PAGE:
The piston moves up from bottom dead center (BDC) to top dead center (TDC). Both the transfer and exhaust ports covered by the piston. Air fuel mixture from carburetor is transferred already into engine cylinder is compressed by the moving piston. The pressure and temperature increases at the end of compression.

The piston reaches the TDC the charge ignited by means of electric spark provided by the spark plug. At the same time the inlet the piston uncovers port and fresh charge enters the crankcase the inlet port as shown in Figure

The burning gases expanded in the cylinder and due to this the piston moves down, thus useful work obtained. During this movement charge in the crankcase is partially compressed and this is known as crank case compression.

At the end of expansion, exhaust port is uncovered. The burnt gases escape to atmosphere, during this time the transfer port is also open. The partially compressed charge from crankcase enters to the cylinder through transfer port. The special shape provides the cycle reduce the escape of fresh charge along with the burned product.

Again the piston moves up, the transfer port is first closed and then exhaust port is closed. The compression of charge takes place inside the cylinder. When it reaching TDC the inlet port uncovered and low pressure is created to bring fresh charge to crank case. After compression, the ignition of charge take place and the cycle is repeated. All the events are completed in two strokes of the piston and the crankshaft makes one resolution.

2.4.5    Working of Two Stroke Diesel Engine (CI Engine)

The operation of the diesel engine same as explained above example only air enters to the crank case and fuel injected at the end of compression stroke. The fuel mixes with hot air and burns and moves as explained above

Working of Two Stroke Diesel Engine (CI Engine)

Working of Two Stroke Diesel Engine (CI Engine)

2.4.6   Scavenging

The compressed charge passes through the transfer port into the engine cylinder flushing the products of combustion. This process is called scavenging. The top of the piston and the ports are usually shaped in such a way that the fresh air is directed towards the top of the cylinder before flowing towards the exhaust ports. This is for the purpose of scavenging the upper part of the cylinder of the combustion products and also to minimize the flow of the fresh fuel-air mixture directly through the exhaust ports. The projection on the piston is called deflector.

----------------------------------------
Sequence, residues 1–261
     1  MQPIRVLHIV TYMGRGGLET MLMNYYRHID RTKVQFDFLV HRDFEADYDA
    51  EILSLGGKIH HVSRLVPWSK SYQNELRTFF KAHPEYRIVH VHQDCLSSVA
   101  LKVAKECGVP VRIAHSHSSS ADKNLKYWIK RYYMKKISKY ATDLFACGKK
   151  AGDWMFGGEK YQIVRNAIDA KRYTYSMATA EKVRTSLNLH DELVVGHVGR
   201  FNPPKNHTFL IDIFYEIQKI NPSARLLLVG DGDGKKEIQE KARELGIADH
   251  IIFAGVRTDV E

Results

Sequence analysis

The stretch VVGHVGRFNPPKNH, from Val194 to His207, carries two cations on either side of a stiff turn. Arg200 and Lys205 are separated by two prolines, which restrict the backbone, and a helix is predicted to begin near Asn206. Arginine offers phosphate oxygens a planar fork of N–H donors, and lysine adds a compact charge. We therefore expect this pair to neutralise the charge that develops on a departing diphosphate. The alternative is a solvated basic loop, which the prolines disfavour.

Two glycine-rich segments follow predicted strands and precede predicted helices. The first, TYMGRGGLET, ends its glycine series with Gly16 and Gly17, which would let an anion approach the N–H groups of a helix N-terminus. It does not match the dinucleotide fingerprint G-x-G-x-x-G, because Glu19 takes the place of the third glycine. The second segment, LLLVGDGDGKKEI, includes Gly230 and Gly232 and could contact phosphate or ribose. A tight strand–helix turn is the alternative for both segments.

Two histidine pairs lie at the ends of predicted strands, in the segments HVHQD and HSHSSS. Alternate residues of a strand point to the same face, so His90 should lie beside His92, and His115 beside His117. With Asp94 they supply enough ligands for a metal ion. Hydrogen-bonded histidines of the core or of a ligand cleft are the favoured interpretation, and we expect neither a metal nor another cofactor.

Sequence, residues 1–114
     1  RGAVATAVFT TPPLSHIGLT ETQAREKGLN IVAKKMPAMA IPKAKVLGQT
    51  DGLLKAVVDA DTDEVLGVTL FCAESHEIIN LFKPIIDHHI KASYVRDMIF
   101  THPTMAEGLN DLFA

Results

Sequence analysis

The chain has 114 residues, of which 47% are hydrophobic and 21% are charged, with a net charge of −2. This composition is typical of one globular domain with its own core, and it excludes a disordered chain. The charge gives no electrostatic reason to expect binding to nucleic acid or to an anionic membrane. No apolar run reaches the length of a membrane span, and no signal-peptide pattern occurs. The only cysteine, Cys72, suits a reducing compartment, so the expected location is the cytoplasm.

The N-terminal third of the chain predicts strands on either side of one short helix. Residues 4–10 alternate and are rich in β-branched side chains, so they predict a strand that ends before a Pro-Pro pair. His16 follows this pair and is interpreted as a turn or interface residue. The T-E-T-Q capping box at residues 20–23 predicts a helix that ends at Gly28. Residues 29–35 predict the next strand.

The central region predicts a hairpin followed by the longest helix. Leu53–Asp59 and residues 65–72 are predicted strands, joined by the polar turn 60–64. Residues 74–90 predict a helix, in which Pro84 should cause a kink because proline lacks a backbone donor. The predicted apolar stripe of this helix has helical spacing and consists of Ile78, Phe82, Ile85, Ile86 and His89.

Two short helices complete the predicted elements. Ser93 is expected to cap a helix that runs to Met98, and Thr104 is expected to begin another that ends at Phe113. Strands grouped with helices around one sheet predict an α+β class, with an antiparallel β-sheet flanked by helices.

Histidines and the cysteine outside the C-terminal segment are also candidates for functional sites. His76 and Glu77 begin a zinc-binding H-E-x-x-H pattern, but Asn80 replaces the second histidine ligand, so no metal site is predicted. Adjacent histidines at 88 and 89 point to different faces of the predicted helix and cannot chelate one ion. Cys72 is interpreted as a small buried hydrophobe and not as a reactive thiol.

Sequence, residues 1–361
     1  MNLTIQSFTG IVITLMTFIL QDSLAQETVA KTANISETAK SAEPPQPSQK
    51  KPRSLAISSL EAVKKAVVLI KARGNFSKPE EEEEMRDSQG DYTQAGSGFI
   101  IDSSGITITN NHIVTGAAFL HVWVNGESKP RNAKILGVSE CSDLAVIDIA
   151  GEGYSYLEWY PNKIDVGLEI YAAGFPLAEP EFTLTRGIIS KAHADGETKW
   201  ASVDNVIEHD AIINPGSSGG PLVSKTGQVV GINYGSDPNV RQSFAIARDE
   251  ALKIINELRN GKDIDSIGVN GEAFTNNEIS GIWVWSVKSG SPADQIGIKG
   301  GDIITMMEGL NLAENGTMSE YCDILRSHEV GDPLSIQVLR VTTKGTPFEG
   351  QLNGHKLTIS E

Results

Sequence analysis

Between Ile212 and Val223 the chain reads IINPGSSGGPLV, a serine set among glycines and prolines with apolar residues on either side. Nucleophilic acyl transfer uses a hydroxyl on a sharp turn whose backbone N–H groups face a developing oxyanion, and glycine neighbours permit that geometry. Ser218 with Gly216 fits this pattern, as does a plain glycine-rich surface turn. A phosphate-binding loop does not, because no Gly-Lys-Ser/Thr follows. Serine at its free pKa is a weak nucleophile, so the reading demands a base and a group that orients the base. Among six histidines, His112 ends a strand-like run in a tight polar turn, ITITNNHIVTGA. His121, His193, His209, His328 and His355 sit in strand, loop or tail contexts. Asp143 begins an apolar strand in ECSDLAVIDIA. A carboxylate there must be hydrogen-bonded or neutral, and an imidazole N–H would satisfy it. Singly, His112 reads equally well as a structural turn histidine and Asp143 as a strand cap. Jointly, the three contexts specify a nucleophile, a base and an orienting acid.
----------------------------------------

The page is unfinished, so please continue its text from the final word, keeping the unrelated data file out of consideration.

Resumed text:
Comparison between four strokes and two-stroke cycle engine

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Comparison between Petrol and Diesel Engine

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SI No.Four stroke Cycle engineTwo Stroke Cycle Engine
1For every two revolutions of the crankshaft, there is one power stroke i.e., after every four piston strokes.For every one revolution of the crankshaft, there is one power stroke i.e., after every two piston strokes.
2For some power, more space is required.For the same power less space is required.
3Valves are required – inlet and exhaust valves.Ports are made in the cylinder walls – inlet, exhaust and transfer port.
4As the valves move frequently, lubrication is essential.Arrangement of ports, reduce wear and tear and lubrication is not very essential.
5Heavier flywheel is required because the turning moment (torque) of the crankshaft is not uniform i.e. one working stroke in every two revolution.Lighter flywheel is required because the turning moment of the crankshaft is much more uniform i.e. one working stroke for every revolution.
6These engines are water cooled, making it complicated in design and difficulty to maintainThese engines are generally air cooled, simple in design and easy to maintain.
7The fuel-air change (mixture) is completely utilized thus efficiency is higherAs inlet and outlet port open simultaneous, some times fresh charge escapes with the exhaust gases are not always completely removed. This causes lower efficiency